Tuesday, November 7, 2017

Snowden coverage: If U.S. media were state-controlled, how much different would it look?

My June 2013 piece on some of the mainstream media reaction to Snowden and his revelations about NSA collecting bulk surveillance on millions of people not suspected of any crime. NY Times journalist Andrew Ross Sorkin commented: "I'd arrest him [Snowden] and I'd almost arrest Glenn Greenwald." Meet the Press host David Gregory asked Greenwald, "Why shouldn't you, Mr. Greenwald, be charged with a crime?" (start 1:30)

Snowden on how Thomas Drake retaliation influenced him.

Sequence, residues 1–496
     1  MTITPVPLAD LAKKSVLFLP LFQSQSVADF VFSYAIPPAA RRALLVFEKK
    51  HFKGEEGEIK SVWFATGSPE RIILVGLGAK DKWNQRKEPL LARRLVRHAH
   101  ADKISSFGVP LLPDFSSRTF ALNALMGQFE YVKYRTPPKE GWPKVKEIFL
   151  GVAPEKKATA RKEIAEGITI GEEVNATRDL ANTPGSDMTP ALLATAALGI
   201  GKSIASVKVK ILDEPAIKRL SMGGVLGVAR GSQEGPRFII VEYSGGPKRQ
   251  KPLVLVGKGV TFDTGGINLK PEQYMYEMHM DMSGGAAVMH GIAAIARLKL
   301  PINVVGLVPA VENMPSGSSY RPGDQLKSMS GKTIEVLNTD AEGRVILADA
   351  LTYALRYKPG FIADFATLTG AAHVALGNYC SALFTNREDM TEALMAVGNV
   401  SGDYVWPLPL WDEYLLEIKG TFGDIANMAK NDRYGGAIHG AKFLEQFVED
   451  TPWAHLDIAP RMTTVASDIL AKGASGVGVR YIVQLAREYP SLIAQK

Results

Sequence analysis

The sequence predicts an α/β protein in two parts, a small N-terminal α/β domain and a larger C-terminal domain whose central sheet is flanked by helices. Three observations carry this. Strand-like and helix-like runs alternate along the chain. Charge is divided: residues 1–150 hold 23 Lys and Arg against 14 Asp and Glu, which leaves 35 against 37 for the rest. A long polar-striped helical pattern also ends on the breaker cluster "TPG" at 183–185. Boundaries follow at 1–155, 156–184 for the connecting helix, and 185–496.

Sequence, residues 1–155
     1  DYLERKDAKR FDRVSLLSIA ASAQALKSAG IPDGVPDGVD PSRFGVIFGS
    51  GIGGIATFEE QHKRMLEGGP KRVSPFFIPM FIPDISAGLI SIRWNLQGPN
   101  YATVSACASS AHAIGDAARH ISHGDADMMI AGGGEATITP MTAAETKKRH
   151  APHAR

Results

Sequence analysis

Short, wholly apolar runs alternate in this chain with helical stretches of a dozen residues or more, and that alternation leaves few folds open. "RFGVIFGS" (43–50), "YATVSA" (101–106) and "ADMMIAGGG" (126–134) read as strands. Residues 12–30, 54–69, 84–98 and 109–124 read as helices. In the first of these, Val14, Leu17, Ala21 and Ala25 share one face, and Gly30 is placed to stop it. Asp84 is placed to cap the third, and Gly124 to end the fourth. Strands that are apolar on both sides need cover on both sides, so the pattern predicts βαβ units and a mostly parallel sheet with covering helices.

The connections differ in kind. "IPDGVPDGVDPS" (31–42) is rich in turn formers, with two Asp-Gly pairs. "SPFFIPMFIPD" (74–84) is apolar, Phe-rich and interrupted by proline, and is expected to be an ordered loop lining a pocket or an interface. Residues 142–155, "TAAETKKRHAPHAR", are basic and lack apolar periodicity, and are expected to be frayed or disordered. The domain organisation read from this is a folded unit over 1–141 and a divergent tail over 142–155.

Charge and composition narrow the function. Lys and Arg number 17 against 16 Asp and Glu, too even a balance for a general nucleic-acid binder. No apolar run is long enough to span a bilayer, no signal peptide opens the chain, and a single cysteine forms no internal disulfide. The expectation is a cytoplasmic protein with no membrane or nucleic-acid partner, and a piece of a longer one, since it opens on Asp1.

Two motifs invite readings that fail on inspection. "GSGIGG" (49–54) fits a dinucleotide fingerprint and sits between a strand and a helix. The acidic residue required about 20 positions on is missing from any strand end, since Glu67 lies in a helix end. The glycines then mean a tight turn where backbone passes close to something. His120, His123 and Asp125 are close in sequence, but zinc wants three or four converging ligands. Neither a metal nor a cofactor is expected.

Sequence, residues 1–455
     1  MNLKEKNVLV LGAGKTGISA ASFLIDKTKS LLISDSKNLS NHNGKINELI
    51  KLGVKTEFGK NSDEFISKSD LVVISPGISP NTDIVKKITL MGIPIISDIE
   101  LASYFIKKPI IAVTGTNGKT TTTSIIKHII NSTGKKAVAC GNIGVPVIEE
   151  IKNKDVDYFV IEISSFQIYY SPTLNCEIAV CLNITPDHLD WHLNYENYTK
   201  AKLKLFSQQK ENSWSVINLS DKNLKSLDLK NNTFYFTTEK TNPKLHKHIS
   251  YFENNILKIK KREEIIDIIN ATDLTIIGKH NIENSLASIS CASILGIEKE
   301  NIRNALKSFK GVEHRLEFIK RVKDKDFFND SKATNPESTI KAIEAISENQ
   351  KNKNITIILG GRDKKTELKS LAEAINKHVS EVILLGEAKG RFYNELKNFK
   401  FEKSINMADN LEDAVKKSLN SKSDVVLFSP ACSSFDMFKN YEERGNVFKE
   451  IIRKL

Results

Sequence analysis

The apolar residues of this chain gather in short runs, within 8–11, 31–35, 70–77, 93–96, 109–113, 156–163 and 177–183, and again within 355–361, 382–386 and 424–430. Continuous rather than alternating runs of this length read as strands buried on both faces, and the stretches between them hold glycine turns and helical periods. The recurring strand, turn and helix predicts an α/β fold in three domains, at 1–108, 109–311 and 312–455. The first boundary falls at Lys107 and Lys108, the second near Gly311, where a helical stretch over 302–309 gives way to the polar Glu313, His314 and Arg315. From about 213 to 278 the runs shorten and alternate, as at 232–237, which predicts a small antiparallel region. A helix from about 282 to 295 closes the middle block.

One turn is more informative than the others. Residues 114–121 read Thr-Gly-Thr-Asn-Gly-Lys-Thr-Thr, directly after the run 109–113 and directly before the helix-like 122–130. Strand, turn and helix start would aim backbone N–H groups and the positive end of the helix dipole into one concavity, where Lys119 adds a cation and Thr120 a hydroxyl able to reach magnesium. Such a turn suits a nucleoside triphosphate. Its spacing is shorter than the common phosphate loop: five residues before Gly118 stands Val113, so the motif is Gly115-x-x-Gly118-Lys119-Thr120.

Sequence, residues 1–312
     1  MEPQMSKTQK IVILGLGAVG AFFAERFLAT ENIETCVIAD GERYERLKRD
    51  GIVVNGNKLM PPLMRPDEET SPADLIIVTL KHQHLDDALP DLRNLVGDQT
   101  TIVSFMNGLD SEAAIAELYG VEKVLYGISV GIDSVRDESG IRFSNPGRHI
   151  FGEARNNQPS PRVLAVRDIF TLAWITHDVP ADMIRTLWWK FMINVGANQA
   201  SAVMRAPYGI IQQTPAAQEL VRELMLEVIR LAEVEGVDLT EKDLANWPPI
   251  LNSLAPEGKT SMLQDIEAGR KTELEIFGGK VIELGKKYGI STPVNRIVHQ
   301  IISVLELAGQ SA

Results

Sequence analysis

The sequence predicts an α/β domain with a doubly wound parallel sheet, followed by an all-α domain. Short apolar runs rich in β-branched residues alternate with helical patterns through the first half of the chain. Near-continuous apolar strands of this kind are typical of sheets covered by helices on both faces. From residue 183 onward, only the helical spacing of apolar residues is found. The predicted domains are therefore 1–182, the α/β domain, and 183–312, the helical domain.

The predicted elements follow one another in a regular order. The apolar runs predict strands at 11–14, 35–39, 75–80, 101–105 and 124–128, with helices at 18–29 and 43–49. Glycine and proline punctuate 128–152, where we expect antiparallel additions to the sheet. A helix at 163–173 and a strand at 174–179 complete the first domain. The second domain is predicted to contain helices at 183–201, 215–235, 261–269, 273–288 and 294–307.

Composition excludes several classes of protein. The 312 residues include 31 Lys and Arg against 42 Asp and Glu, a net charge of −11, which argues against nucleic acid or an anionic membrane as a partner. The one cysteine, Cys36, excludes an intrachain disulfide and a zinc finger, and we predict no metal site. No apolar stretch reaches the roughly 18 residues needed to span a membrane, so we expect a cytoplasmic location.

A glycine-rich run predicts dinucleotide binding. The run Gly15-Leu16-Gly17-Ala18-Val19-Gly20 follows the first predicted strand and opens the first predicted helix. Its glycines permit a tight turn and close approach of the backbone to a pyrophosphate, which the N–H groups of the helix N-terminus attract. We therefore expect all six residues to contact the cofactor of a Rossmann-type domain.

At 2007 Radio-Television Correspondents Association Dinner, top journalists (including then-NBC White House correspondent David Gregory) were literally dancing with a top source, the controversial Bush aide Karl Rove. These are social/charitable events where journalists and news-makers are expected to have some fun, but is it symbolic of too much elite media/government coziness? 

On the issue of "objective" vs "advocacy" journalism, here's a list of top works of journalism worth studying.

Here's an (unwitting perhaps) expose of journalistic/political corruption in D.C.

(H/t Sophia T): According to The American Press Institute, the original concept of objectivity in journalism requires “a transparent approach to evidence” so that “biases would not undermine the accuracy of their work” but it was never “meant to imply that journalists were free of bias.”

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